A deadly virus has caused over 700 dolphins on the east coast to wash up on shore dead. The virus appears to be similar to the measles virus that is known to attack humans and the organism responsible is called the morbillivirus.
Scientists believe that even though over 700 have washed up on shore throughout the last few months, the death toll is likely much higher.
"It is expected that the confirmed mortalities will be higher," said Teri Rowles, program coordinator of the NOAA Fisheries Marine Mammal Health and Stranding Response Program. "If this plays out similar to the '87-88 die-off, we are less than halfway through that time frame."
The virus can cause pneumonia and breathing problems and will eventually lead to brain infections. The illness cannot be passed to humans from the dolphins like certain other viruses or bacterial infections.
Dolphins are not the only ocean animals that have tested positive for the virus or washed up along the east coast. Several species of whales have also washed up on shore and tested positive for the virus. Many scientists believe that the virus may have been transferred to the dolphins from another animals, such as a whale.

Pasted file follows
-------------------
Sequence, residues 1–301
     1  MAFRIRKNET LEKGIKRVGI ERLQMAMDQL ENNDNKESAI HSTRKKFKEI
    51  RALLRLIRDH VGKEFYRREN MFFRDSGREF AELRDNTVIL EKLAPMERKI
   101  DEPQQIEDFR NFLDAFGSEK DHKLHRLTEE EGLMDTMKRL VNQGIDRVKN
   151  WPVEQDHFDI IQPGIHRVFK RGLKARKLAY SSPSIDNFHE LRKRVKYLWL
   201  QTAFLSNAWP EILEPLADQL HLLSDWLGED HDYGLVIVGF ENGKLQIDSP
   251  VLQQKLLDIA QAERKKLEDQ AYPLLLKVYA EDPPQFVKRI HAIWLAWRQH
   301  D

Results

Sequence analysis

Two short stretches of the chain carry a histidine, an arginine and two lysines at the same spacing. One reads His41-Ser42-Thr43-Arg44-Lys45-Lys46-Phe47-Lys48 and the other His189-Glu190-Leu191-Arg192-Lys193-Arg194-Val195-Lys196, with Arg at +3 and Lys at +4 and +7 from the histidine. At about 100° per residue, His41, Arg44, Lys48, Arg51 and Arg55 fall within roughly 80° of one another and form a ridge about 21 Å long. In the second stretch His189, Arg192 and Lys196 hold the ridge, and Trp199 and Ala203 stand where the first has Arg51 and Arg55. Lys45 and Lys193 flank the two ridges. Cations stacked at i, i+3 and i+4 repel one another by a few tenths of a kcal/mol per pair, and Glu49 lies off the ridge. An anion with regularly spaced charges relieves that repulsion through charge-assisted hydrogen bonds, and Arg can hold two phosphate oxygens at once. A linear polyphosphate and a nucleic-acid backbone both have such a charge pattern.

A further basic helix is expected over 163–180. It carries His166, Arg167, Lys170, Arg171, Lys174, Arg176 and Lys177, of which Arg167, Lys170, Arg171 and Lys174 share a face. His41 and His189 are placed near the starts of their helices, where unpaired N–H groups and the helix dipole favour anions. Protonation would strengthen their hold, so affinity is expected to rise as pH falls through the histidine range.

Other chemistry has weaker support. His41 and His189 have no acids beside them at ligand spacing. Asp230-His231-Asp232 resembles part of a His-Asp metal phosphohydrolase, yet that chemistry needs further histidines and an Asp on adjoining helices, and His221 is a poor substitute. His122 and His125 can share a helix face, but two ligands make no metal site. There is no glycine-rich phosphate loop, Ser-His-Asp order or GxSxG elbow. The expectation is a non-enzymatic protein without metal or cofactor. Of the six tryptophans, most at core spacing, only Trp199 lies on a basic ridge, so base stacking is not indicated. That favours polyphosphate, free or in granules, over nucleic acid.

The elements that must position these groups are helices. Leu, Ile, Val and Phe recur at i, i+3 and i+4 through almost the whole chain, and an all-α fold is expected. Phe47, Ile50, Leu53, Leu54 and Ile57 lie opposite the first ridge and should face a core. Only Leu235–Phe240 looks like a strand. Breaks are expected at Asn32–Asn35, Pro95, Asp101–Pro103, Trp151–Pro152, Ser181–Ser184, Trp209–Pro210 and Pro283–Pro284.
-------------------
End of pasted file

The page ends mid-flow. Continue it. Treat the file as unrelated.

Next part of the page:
"So we know we had a susceptible population, but just being susceptible alone is not how the outbreaks go," said Rowes. "We are trying to understand where this virus came from and how it got into the population in which it is now circulating."
Scientists will continue to test dolphins and other sea creatures that wash up on shore to determine if the virus caused their death and to learn for about it.
Image from Wikimedia Commons.